Carter vol5 9128

Déjà Review: this review was first published in August 2003 and the recording is still available.

Elliott Carter (1908-2012)
The Music of Elliott Carter Volume 5 – Nine Compositions 1994-2002
rec. 2001/02, KAS Studio, Astoria, New York
Bridge 9128 [64]

Carter’s muse continues to enthral in these works written during the last decade. Five of these are premiere recordings – Steep Steps, the remarkable Oboe Quartet, Figment No 2, Au Quai and Hiyoku. As well as appearing in this guise played by their dedicatees the works attest to the unbroken sense of concision and undimmed imagination that Carter constantly demonstrates. The earlier four volumes in this series have shown this well enough – now volume five illustrates it with renewed triumph.

Of Challenge and of Love is the earliest work here, dating from 1994; the others are much more recent – Au Quai for instance was written when Carter was ninety-four. Steep Steps (2001) was written for and is here played by Carter’s friend Virgil Blackwell. This is a sliver of a piece, lasting less than three minutes, but it exploits the bass clarinet’s range with ceaseless mobility. Managing to be simultaneously ruminative and conversationally loquacious it exhibits a marked propensity for strong lower register work, which Carter contrasts with the almost abstract writing for the upper register. It ends indeed in the logic of the vertiginous heights of the instrument’s range. The Two Diversions for piano were written for The Carnegie Hall Millennium Piano Book, a gathering of pieces by ten composers written in the hope of appealing to young musicians. The First Diversion is a slow moving, complex Passacaglia-like piece of no few technical demands whilst the Second seems to be implicitly related to the first but is distinctly more animated. The tied bass lends complex rhythmic patterns and defies expectations as to its ultimate direction. Rosen plays it with seemingly effortless understanding.

The Oboe Quartet is a one movement, multi-sectional work of impressive range. It opens with a Moderato in a rather brittle way, crabbed, dogged but gradually the first violin’s lyricism and the cello’s intensity impinge more and more powerfully on the musical argument. Carter uses unison, or duet writing to advance the line. There’s a most impressive tranquillo section that encapsulates in a brief moment of time all Carter’s powers of melodic concision before he unleashes an agitato of exceptionally busy writing. Slow and faster sections contrast, the individual or duet voice against the unison are imperatives of the quartet and, in the final section, he gathers up his material in an act of powerful and cohesive concentration.

Figment No 2 (Remembering Mr Ives) was written for – as is performed here by – cellist Fred Sherry. A brief piece it incorporates – or summons up – Ivesian material from two favourite works, The Concord Sonata and Hallowe’en. Au Quai is energetic, puckish and big. It has opportunities for a wandering bassoon line (it’s written for the unusual combination of bassoon and viola) but also finds time for plenty of lyrical incident. Of Challenge and of Love (1994) is, apart from Three Poems of Robert Frost, Carter’s only song cycle and was premiered at the Aldeburgh Festival. Comprising five poems by John Hollander (b 1926) the first, High on our Tower, is a fizzing, dramatic, unrelenting contemporary setting – fractious and driving. Under the Dome is more allusive, the bell like gnomic restraint of the piano (this cycle has an exceptionally taxing piano part, temperamentally as well as technically) occasionally giving way to a severer curve of accompaniment. Am Klavier is a cool and gentle piece that leads to the cycle’s heartland – Quatrains from Harp Lake. Carter responds to the poem’s many ambiguities and reflections, to the elusive, the half obscured but also to the unvarnished loss and fear, with a variety of masterly means. The soloist and no less the pianist evoke this through recitative, dramatic chordal power and refraction. Soprano Tony Arnold and Jacob Greenberg are vital and powerful interpreters (though she has been rather backwardly recorded).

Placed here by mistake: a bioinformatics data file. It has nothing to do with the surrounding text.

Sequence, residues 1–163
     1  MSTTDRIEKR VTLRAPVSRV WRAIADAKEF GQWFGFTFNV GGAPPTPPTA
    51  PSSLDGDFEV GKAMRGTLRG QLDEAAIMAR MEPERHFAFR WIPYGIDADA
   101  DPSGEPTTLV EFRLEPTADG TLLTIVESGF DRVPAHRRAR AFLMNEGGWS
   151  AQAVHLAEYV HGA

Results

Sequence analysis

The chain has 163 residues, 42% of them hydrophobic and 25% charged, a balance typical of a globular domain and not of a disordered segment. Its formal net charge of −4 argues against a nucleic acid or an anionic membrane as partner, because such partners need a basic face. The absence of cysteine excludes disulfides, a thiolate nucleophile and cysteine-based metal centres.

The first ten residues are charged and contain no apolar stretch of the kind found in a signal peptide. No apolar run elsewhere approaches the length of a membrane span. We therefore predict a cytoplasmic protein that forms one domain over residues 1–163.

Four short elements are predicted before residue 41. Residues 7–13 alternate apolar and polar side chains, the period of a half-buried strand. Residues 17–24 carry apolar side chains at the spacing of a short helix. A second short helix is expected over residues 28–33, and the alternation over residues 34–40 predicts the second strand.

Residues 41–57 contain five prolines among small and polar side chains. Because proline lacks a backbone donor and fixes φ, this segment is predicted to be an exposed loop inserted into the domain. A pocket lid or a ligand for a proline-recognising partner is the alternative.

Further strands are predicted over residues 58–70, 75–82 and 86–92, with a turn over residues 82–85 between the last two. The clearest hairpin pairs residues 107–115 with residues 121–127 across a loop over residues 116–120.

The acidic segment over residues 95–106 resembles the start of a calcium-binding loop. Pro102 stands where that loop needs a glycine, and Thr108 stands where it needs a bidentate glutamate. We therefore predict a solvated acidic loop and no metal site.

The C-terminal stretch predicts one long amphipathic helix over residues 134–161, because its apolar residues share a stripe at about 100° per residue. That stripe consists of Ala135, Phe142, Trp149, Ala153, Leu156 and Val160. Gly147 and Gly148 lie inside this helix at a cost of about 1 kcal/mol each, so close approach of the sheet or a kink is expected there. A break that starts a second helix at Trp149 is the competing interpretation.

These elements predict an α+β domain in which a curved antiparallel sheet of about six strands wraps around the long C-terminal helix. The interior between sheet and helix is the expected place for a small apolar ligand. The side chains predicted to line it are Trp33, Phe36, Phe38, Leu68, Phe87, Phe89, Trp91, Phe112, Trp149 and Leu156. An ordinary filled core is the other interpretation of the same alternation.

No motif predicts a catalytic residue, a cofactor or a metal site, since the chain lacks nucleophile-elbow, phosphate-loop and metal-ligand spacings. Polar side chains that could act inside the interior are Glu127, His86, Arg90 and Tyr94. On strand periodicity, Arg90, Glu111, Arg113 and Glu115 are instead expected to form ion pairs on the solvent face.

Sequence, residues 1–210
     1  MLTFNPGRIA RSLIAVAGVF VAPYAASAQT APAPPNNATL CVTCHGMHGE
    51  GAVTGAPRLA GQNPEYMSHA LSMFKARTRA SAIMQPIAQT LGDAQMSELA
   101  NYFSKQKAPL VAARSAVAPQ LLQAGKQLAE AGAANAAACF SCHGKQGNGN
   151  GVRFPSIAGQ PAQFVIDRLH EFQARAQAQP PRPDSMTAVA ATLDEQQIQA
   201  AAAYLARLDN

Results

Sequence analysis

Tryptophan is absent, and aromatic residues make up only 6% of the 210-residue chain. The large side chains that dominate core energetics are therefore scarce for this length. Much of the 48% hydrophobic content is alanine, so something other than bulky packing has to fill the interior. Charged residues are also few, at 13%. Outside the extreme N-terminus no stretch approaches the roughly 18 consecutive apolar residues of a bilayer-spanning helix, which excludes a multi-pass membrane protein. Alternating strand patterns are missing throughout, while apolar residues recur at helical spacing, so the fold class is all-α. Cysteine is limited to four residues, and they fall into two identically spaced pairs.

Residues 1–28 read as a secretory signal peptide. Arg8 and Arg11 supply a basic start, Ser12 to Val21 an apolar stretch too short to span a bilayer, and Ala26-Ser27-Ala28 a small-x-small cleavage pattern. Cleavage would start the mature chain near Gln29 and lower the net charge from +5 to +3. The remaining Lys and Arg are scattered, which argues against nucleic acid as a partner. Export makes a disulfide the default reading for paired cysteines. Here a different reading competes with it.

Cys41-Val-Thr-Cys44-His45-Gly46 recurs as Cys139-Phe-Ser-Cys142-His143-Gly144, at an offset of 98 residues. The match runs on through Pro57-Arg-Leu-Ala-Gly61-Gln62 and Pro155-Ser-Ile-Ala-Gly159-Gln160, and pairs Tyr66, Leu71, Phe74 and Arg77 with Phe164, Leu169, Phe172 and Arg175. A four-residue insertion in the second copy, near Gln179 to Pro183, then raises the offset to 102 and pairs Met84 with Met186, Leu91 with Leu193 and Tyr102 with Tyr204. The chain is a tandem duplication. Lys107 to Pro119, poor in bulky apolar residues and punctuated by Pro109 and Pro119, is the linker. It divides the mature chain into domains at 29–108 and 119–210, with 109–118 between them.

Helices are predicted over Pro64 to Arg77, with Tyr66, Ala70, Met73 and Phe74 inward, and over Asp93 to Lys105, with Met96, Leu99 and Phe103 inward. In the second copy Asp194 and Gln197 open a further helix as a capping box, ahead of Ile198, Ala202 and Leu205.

Figment No 1, again played by Fred Sherry, is a solo of tremendous textual oppositions and develops a real and unmistakeable internal contrastive heat. Retrouvailles (2000) was written for performance at Pierre Boulez’s 75th birthday concert in London. Alluding to previous works written for Boulez it gains similarly, developing weight through the use of contrastive devices. Finally, Hiyoku, which is played by the two-clarinet team of Charles Neidrich and Ayako Oshima – flitting and lively with some moments of reflective intimacy along the way, it makes a fine addition to the repertoire. And it makes a most fitting conclusion to this excellently produced and recorded disc – splendid notes by the way by Malcolm MacDonald – one which displays all Carter’s life-affirming complexity.

Jonathan Woolf

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1 Sleep Steps (2001)
2 Two Diversions (1999)
3 Oboe Quartet (2001)
4 Figment No 2 (Remembering Mr Ives) (2001)
5 Au Quai (2002)
6 Of Challenge and of Love (1994)
7 Figment No 1 (1994)
8 Retrouvailles (2000)
9 Hiyoku (2001)

Virgil Blackwell (bass clarinet) – 1
Charles Rosen (piano) 2, 8
Speculum Musicae – 3
Fred Sherry (cello) – 4, 7
Maureen Gallagher (viola) and Peter Kolkay (bassoon)– 5
Tony Arnold (soprano) and Jacob Greenberg (piano) – 6
Charles Neidrich and Ayako Oshima (clarinet) – 9